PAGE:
Guardians of the Galaxy Vol. 3 movie review (2023)
James Gunn’s affection for the misfits shines through in his “Guardians of the Galaxy” movies, where he navigates the tension between his outsider sensibilities and the corporate machinery of blockbuster franchises. He stands out as a rare filmmaker who retains his unique voice within the massive movie-making industry, a feat evident in “Guardians of the Galaxy Vol. 3.” While not immune to some of the typical Marvel Cinematic Universe (MCU) pitfalls like a lengthy runtime and explosive finale, the film brims with creativity in its filmmaking, dialogue, and performances—a quality often absent in modern superhero films.
Gunn’s willingness to embrace chaos is reminiscent of a child dismantling and reconstructing action figures into new forms. His genuine affection for these underdogs translates into a desire to witness them save the universe once more, a sentiment viewers share.
The movie commences with Rocket Racoon (voiced by Bradley Cooper) tuning into Radiohead’s “Creep,” a track that sets the tone for Rocket’s journey of self-discovery. Rocket, who views himself as an outcast, comes to realize his uniqueness as the story unfolds.
The plot kicks off with a fierce attack by the golden-hued Adam Warlock (Will Poulter) on Knowhere. Rocket’s subsequent near-death experience triggers a dual narrative: his origin story in flashbacks and the Guardians’ quest to save him in the present. The mission leads them to the High Evolutionary (Chukwudi Iwuji), responsible for Rocket’s creation as part of an experiment to accelerate evolution on Counter-Earth.
While the ensemble cast excels, the movie grapples with an extensive roster of characters. Peter (Chris Pratt) remains emotionally unsettled over Gamora’s (Zoe Saldaña) fate, as she returns from an alternate timeline with no memory of her past. However, the film smartly pivots away from their romantic arc, centering on Rocket’s backstory instead. Gamora’s interactions with the Guardians, especially the version who loves an alternate her, add depth.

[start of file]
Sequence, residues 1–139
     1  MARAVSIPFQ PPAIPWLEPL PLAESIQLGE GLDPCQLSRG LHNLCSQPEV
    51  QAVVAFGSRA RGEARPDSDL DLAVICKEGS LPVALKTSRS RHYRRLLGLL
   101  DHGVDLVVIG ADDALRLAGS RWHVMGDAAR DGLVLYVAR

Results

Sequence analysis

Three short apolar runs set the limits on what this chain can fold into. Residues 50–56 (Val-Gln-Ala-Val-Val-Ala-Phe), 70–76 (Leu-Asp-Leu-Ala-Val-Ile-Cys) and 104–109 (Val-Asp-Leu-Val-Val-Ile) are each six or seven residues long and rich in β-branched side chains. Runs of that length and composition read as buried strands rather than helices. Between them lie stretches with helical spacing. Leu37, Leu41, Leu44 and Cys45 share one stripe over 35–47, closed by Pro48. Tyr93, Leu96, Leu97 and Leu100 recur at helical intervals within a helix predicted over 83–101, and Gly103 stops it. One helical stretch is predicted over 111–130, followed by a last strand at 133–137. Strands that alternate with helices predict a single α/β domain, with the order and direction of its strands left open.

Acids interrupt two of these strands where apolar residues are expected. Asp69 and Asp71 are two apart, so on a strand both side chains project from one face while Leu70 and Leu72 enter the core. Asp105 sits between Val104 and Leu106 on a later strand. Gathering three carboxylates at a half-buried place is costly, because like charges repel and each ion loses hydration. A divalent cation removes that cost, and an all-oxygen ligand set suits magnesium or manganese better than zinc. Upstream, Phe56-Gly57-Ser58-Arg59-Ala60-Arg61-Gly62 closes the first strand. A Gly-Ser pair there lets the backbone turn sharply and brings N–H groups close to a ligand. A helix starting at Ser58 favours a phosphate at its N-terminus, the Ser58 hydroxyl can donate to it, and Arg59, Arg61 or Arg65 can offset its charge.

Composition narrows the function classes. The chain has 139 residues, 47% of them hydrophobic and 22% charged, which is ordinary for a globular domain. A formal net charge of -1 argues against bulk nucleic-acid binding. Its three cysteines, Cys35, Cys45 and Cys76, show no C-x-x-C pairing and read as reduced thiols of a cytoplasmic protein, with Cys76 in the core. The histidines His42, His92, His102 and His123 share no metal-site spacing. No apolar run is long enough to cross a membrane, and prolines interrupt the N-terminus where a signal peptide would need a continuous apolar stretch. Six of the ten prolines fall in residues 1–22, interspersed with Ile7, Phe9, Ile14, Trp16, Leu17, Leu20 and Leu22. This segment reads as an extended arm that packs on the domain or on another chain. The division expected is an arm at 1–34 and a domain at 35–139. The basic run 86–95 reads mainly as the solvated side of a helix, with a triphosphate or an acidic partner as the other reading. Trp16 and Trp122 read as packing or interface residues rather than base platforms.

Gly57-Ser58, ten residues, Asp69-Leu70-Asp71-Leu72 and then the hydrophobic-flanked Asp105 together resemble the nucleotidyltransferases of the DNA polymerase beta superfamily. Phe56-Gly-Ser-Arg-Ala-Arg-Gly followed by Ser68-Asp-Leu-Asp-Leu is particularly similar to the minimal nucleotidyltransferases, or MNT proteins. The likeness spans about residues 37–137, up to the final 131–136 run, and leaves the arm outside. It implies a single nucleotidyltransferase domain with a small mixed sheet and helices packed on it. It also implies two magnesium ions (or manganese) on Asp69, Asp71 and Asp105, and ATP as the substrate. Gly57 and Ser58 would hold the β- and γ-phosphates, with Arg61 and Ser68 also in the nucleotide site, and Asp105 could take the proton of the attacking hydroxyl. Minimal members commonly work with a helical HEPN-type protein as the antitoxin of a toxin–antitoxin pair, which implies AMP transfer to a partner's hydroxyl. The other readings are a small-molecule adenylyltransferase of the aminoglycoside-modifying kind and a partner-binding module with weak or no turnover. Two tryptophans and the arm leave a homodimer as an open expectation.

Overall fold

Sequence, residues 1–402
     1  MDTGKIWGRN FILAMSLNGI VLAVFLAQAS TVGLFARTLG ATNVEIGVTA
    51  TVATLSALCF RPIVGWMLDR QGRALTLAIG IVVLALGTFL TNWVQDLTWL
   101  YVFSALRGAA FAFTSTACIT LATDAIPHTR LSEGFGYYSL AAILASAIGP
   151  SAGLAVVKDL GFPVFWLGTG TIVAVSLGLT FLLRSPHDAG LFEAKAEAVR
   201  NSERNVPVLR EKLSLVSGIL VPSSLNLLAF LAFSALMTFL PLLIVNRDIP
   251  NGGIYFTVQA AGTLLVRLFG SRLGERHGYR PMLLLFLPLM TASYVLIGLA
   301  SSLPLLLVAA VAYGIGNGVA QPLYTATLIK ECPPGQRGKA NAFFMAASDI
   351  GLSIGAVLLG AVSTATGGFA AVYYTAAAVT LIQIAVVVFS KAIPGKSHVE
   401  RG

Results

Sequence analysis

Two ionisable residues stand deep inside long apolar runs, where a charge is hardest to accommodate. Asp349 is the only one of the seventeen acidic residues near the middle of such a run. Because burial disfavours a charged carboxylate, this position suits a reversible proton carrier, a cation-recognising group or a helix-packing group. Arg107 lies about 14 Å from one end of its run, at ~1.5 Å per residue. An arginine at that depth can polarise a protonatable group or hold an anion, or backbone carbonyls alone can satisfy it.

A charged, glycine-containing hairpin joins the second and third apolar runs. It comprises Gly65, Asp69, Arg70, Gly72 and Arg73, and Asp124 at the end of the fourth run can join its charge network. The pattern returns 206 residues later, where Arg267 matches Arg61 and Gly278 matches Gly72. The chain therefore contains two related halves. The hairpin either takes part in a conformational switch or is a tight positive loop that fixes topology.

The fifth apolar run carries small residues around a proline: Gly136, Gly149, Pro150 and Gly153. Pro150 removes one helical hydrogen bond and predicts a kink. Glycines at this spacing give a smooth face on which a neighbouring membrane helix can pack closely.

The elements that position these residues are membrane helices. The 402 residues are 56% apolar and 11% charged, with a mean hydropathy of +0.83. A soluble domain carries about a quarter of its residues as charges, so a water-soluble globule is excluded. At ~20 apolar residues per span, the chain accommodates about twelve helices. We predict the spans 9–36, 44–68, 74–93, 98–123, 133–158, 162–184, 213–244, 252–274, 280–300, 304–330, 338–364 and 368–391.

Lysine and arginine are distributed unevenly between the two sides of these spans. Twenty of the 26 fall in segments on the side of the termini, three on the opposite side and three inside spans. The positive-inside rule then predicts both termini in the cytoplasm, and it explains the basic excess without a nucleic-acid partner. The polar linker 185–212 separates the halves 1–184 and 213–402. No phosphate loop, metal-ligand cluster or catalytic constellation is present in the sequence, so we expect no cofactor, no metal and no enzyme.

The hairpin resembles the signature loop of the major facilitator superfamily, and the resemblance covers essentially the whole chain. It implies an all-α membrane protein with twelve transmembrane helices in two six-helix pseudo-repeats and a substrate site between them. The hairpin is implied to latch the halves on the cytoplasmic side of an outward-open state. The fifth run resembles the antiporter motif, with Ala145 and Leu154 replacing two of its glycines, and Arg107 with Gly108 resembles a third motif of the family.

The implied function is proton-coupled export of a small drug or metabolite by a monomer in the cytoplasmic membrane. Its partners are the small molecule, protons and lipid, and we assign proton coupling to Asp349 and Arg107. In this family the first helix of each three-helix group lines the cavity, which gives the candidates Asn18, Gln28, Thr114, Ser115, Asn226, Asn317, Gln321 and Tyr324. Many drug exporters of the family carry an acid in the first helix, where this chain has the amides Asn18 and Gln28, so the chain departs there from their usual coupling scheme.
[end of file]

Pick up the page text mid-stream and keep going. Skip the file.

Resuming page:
Although the movie juggles several characters, some, like Drax (Dave Bautista) and Nebula (Karen Gillan), receive limited development. Mantis (Pom Klementieff) provides comic relief, and Groot (Vin Diesel) adds his charm, yet the film occasionally feels overcrowded, with additional characters like the talking dog (voiced by Maria Bakalova), Ayesha (Elizabeth Debicki), and Sylvester Stallone’s return.
“Guardians of the Galaxy Vol. 3” shines brightest when embracing its unconventional, unpolished side, resisting the “product over art” mentality. Gunn fearlessly ventures into unsettling creature designs and tangible settings, a refreshing departure from CGI-drenched superhero films. The movie strikes a balance between spectacle and artistry, retaining its unique touch even amid obligatory MCU elements.
Gunn’s discerning choices and the committed ensemble amplify the film’s appeal. Pratt sheds his recent lackluster performances, embracing Peter Quill’s vulnerability. Saldaña revels in Gamora’s warrior persona, showcasing her ability to carry the narrative. Yet, Rocket steals the spotlight as his journey from trauma to heroism takes center stage.
Beneath the surface, a compelling theme emerges, involving Rocket’s defiance of his creator. By challenging the High Evolutionary’s authority, Rocket unsettles the villain, echoing the age-old narrative of creations rebelling against their makers. Gunn weaves this concept into the Marvel framework with subtlety, injecting depth into the film beyond its hero-villain dynamic.
While the film occasionally stumbles with its flashback-mission structure, and the expected team-ups and explosions are present, Gunn’s distinctive touch remains evident. Even in familiar moments, his personality shines through in music choices and evocative imagery, occasionally pushing the boundaries of younger viewers’ comfort. “Guardians of the Galaxy Vol. 3” serves as a reminder that standout blockbusters transcend convention, exemplified by Gunn’s ability to make familiar elements his own. In the end, we’re all misfits, a sentiment Gunn champions, reinforcing that we’re all remarkably unique.
Catch “Guardians of the Galaxy Vol. 3” now in theaters .
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